There are more things I want to do with my feature development, but they are lower priority right now with such good performance results and other things taking priority with career day so close.

Code Stuff:

I spent a good chunk of time cleaning up and streamlining my code. I was trying to set it up to easily run the model comparison whenever I made feature changes. I also needed to make sure I consistently split up data used for cross validation in my model comparisons. Cross validation is a way to use part of the data to build the model and save a set of data to test and validate the performance.  So I got my code in a good enough state where its easy to re-run, expand and ensure that there is some validity to the scores its producing. Plus, it helps to make my code cleaner so I can understand it when I go back to it to add things in.

And if you want to checkout the code for my project, you can find it at my Code_Name_Jeeves Github repository.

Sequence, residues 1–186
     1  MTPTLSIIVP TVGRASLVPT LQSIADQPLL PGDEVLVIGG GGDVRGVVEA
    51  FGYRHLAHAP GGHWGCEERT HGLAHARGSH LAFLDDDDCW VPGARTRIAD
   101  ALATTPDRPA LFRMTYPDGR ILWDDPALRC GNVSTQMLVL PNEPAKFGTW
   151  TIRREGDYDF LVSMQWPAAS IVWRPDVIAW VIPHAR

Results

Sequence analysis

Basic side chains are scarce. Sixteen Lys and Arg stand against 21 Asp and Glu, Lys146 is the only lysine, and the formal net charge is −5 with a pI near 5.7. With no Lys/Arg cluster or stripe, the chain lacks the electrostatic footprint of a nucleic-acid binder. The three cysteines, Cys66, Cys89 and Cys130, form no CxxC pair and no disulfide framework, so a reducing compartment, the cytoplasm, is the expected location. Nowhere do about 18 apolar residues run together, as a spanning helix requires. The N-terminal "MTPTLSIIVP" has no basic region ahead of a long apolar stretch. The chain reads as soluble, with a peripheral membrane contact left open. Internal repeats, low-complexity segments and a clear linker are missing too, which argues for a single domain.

Next Steps:

Depending on time, I definitely have other feature ideas such as adding in just a binary analysis of whether a date is referenced or not in the email message. I’d also like to run another grid search on the data pipeline to help with fine tuning parameters. More importantly, adding in more data to my training set would be a great value add  as well as just using a different data set to test my product can help with validating performance. Of course, if there was more time then a couple of days it would be great to build this out so my computer gives me location recommendations, but that one will have to be another time.

Last Note / Official End Result:

If you noticed a buzzing sound at the end of the video, that is my phone receiving the text message that is should get (see below).


Zipfian Project Week 1 & Closing the Loop

One week down for our final projects and one week left to go. This has definitely been the most fun and rewarding weeks so far because I’ve been connecting the dots in more ways than one.